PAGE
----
• Misunderstood because it was viewed as very low quality and cyclical business because it was auto parts; this bias along with forced selling as a result of no longer being part of S&P 500 pushed valuations to approximately 4-5x earnings late in 2016
  • Many competitive barriers to entry in an industry dominated by two main players and business is more of a high-return just-in-time logistics provider and supplier than an old-line manufacturing company
  • One of the biggest knocks against ADNT is the disruption and potential change in industry but ADNT is a beneficiary of the move towards autonomous vehicles; they have a position with every manufacturer; ADNT and Lear (LEA) control majority of the global market; as vehicles become more autonomous, big differentiator is going to be interior package and seating is the biggest component
  • Unusual to get an above average business for a third to a quarter of S&P P/E multiple
  • We think ADNT is going to generate $9 in earnings this year; lower margins relative to LEA relates to under-investment in the business while controlled by prior parent; higher margins would take them to $12-13 a share; stock got as low as $45 in November and is still only $60
  • With respect to bear argument on auto cycle:
    • Auto industry is cyclical in general; then there is the idea of a SAAR wall – we don’t think SAAR is going to plummet
    • Regardless, ADNT can make a lot of money with SAAR sitting here it is right now or if it falls somewhat; ADNT also has international revenues
    • Even if unit volume declines, they can increase content per car in some markets over the next few years; also making progress selling seats into non-car markets
    • We aren’t saying numbers on SAAR can be bad for few quarters; this is a business that should grow sales over the next five years
  • We have this moderately hedged due to Trump risk on Mexico and China
    • Our short exposure is 0 to 25% – majority of hedging is where we think we can isolate industry risk
    • We are short some auto part suppliers but still a very meaningful net exposure to ADNT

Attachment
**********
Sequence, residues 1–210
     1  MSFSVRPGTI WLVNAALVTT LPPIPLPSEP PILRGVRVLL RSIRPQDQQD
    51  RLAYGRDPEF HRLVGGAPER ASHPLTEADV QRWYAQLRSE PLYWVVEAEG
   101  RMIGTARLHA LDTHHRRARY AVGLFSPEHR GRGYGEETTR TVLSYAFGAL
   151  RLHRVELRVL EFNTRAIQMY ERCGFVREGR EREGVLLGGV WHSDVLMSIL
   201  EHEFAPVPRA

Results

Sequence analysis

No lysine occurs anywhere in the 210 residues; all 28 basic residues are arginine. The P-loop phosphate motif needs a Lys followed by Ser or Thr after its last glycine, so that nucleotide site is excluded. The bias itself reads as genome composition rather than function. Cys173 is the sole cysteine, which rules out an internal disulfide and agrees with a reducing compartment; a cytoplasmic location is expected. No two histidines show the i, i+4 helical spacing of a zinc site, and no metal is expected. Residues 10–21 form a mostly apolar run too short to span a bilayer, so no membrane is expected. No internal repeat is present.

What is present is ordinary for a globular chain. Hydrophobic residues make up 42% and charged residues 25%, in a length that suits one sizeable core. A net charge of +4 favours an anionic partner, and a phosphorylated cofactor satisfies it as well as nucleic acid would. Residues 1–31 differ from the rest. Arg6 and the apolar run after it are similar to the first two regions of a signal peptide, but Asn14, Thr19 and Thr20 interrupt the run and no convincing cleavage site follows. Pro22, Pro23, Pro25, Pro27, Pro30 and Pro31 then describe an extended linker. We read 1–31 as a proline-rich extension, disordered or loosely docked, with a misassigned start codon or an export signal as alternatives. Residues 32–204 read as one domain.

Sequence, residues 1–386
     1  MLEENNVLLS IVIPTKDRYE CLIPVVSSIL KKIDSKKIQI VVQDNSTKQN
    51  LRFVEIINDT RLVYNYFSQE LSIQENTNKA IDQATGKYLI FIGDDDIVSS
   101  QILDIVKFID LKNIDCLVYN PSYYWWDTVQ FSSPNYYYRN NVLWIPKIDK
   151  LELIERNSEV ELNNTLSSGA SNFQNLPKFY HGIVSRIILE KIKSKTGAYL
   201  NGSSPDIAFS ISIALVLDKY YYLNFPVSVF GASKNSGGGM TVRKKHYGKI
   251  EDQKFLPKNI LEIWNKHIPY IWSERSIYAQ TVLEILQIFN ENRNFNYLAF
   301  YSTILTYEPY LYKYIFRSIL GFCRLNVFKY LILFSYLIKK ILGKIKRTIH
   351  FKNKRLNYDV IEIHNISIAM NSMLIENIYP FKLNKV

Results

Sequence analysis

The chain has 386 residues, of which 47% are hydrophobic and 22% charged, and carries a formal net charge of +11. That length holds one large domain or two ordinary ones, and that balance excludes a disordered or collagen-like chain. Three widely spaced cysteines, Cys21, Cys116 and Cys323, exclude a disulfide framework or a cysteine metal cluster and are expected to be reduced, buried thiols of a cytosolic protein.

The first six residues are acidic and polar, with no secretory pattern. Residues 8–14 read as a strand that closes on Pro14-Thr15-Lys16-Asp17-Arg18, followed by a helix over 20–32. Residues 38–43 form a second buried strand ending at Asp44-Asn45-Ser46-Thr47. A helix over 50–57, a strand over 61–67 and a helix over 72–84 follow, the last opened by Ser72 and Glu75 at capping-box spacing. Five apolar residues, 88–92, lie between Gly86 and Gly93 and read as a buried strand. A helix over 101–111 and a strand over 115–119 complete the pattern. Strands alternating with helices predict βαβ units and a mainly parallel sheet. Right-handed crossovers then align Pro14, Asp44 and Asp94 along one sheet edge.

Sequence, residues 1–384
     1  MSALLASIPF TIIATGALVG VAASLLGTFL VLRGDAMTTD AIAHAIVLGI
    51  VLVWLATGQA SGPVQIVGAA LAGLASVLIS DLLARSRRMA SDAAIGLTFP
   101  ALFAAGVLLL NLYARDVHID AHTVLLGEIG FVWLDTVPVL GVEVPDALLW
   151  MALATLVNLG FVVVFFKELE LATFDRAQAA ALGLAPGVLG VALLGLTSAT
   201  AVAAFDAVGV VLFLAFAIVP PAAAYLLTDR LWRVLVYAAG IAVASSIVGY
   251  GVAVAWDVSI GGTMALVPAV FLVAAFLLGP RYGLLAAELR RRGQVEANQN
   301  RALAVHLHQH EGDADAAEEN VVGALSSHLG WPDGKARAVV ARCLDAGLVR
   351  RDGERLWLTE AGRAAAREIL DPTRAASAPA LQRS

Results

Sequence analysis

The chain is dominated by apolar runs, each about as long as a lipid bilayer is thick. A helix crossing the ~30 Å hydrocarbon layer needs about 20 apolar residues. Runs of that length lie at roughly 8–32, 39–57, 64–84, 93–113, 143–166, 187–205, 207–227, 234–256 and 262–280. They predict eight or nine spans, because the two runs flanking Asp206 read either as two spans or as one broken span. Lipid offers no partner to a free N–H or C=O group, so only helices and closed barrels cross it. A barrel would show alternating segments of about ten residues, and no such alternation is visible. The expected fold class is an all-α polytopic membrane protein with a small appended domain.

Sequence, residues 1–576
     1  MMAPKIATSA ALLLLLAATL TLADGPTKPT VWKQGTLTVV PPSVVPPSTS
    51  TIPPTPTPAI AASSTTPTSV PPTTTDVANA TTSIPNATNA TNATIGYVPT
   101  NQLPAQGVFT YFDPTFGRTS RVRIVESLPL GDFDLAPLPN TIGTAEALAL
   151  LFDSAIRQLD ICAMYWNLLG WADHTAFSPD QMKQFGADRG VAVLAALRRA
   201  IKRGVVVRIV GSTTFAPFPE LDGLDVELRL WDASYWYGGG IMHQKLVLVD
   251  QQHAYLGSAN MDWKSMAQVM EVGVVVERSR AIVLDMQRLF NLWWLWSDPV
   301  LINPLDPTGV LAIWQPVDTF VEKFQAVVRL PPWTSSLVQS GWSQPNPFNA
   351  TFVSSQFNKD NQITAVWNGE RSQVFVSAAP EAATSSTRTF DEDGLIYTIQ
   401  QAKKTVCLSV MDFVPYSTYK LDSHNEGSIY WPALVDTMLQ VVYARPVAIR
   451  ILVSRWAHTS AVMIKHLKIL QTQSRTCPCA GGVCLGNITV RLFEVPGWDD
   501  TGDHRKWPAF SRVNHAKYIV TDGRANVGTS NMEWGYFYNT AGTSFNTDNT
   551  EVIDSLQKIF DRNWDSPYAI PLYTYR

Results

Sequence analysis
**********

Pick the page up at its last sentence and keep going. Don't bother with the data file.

Managing between looking for things that you feel have bottomed out and incredibly difficult task of timing the market?

  • We just don’t know and we just do our best; bottom line is we are not going to own something unless there’s some reason to think it’s really misunderstood or really overlooked
  • You have to use valuation as an anchor – not to say that something trading at 5x earnings cannot go to 4x; things can always get cheaper but it’s binary – things are either cheap or they are not

Advice for people entering the industry?

  • It’s a good idea to listen more; people view every interaction as a way to show how smart they are; instead of thinking about your next question or insightful observation, just listen
  • For interviews, we meet hundreds of people who share investment ideas that sound the same. You get a unique insight because you have been thinking about this information differently or you found new information through primary research (you visited 25 stores, met some customers, filed a FOIA request, etc). Any monkey can generate EBITDA multiples and slap them on slides – more kids are going to undergraduate business schools than ever and thousands of people who know Excel and have taken Finance
  • Unlike most other professions, there is no specific experience required; appreciate how much you don’t know and find a place where you can learn but also where you share a common investment philosophy; if you don’t have common philosophy and a real passion for investing, it’s not going to work; you can’t fake passion and fit
  • Given the popularity of hedge funds over the past decade, a lot of people have come into the industry because it’s the next logical step or the way to become wealthy; it’s what investment banking was before that; it has attracted high performing individuals many of whom have never experienced a setback or disappointment; this business humbles people very quickly and how you deal with setbacks will determine success or failure; we focus on asking about these disappointments when we interview high performing candidates that go from Ivy League to bulge bracket Wall Street firms then to hedge funds
  • No matter how old or experienced he or she is, you have to bring a notebook to every single meeting and you have to write everything down

Kingstown Capital Management is a value-oriented investment partnership that focuses on special situation securities across the capital structure. The firm was founded in 2006 with strategic backing from Gotham Capital and currently manages $1.8B.

Image Source: Fat Pitch Financials